Ford Rallye Sport takes its full squad to Europe's biggest car market for the first time as the Rallye Deutschland (22 - 25 August) makes its first appearance in the FIA World Rally Championship. But for the team, lying second in the 14-round ...
Ford Rallye Sport takes its full squad to Europe's biggest car market for the first time as the Rallye Deutschland (22 - 25 August) makes its first appearance in the FIA World Rally Championship. But for the team, lying second in the 14-round series after three victories so far this season, the German rally will not be the step into the unknown that it promises to be for many rivals.
When the rally looked almost certain of being promoted into the championship 12 months ago, Ford sent a Focus RS World Rally Car to the 2001 event to sample the unique asphalt speed tests in the west of the country. The experience gained from Francois Delecour's third place finish will be put to good use in the preparation of the team's three Focus RS cars for this year's rally, round 10 of the championship.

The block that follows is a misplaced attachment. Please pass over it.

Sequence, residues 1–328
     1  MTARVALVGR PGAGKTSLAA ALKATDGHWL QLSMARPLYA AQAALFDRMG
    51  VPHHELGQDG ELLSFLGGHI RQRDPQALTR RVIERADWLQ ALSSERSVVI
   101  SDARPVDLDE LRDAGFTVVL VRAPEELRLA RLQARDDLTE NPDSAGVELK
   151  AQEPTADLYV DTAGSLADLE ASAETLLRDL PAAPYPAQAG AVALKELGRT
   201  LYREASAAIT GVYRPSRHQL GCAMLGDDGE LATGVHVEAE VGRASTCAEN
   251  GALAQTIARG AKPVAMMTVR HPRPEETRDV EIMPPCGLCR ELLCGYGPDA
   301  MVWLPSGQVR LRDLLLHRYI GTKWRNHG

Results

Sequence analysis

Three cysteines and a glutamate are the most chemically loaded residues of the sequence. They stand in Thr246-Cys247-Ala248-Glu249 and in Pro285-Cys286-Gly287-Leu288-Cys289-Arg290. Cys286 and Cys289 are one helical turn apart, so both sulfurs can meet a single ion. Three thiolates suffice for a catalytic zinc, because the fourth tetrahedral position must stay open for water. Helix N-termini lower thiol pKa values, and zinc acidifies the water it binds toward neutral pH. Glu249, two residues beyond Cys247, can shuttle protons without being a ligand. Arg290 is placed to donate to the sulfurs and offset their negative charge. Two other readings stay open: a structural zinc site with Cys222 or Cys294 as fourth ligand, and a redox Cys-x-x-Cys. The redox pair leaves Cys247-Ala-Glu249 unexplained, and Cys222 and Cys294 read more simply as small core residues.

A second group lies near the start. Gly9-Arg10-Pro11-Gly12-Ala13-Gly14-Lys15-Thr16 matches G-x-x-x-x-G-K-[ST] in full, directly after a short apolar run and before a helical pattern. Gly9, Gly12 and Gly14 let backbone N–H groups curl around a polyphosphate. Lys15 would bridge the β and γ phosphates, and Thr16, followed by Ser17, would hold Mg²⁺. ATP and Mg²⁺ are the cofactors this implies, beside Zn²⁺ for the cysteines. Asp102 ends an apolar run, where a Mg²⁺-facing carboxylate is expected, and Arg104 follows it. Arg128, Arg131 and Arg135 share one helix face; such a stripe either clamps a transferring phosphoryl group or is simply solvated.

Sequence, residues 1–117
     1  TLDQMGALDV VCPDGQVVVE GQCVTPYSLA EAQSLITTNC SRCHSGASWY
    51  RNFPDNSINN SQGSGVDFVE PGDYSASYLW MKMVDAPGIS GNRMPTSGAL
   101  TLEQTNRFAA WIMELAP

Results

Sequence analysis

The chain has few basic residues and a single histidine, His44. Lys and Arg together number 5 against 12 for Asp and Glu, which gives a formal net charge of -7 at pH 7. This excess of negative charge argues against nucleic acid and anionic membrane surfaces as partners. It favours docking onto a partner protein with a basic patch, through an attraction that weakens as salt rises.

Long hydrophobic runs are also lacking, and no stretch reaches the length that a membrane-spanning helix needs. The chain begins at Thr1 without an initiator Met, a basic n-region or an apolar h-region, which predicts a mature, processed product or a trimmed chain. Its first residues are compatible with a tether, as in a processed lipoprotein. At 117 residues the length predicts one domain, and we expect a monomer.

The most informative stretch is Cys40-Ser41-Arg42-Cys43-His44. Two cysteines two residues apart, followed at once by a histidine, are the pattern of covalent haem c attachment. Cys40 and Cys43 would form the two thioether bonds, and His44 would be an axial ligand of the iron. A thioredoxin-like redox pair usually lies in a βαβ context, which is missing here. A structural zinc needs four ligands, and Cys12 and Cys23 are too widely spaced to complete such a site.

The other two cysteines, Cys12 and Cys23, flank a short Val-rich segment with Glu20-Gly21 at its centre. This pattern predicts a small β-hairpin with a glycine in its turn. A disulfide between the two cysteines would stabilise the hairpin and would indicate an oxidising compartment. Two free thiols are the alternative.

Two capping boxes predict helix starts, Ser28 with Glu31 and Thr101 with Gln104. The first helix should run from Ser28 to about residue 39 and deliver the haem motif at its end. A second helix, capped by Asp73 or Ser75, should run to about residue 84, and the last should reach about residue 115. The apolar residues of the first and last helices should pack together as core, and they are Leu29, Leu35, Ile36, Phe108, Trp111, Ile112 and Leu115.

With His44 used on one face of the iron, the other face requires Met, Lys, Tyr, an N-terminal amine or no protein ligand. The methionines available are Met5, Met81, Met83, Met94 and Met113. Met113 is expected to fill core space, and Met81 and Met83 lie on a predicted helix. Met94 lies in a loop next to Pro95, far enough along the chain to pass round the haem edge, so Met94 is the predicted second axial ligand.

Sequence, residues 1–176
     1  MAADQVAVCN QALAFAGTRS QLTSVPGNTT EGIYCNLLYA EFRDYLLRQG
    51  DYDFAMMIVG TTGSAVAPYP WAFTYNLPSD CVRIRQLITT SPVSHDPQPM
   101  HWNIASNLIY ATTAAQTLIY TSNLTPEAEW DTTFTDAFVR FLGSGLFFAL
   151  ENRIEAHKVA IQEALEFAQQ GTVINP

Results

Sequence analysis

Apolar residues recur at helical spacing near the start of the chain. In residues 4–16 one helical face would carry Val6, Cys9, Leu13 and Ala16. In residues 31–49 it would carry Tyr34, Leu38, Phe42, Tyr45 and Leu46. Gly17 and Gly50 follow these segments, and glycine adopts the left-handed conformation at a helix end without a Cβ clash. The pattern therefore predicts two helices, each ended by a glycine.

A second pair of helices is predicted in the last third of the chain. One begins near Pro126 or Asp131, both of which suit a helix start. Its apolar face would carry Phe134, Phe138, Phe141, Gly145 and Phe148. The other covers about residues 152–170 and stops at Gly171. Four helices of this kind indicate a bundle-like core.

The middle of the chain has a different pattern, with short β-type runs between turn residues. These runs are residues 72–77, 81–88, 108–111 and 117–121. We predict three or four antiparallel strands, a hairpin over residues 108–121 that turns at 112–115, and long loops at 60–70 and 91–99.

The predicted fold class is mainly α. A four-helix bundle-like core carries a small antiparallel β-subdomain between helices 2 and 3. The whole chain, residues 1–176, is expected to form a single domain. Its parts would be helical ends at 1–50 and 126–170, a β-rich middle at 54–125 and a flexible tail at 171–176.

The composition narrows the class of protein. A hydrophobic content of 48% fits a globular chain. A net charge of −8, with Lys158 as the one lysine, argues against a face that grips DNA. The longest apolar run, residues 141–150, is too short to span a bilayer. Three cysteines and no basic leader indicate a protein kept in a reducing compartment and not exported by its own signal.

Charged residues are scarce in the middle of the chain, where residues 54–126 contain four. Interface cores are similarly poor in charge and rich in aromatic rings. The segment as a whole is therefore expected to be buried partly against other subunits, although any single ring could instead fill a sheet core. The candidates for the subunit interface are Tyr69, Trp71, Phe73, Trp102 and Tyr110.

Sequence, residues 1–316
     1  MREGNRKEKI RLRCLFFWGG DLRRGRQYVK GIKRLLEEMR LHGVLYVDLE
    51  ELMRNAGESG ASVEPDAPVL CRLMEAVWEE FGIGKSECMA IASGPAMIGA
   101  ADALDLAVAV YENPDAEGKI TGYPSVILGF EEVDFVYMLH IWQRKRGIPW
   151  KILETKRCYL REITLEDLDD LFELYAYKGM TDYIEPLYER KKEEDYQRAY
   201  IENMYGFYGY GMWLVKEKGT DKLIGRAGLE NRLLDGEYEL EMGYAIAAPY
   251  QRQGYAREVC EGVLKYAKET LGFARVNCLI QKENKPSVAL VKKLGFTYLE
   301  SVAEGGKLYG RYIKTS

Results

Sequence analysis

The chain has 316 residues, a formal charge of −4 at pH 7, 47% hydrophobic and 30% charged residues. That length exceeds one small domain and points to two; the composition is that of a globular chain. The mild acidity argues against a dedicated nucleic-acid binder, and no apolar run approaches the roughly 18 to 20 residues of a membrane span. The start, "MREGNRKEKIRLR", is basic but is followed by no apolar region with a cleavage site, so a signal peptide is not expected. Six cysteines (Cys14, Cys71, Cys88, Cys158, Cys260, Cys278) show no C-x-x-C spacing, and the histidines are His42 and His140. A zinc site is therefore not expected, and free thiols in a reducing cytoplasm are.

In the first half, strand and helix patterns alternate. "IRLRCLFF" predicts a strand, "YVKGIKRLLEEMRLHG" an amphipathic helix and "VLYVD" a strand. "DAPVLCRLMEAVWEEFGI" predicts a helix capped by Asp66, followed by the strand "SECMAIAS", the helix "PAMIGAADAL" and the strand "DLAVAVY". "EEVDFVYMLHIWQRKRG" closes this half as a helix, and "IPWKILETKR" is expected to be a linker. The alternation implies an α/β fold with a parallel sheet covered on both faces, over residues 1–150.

But for Colin McRae and Nicky Grist, second in the drivers' standings, third-placed Carlos Sainz and Luis Moya and junior pairing Markko Märtin and Michael Park, the rally marks their first competitive outing in Germany. A test last month on roads in the region around Trier, home to the rally and Germany's oldest city, is their only guide to what lies ahead.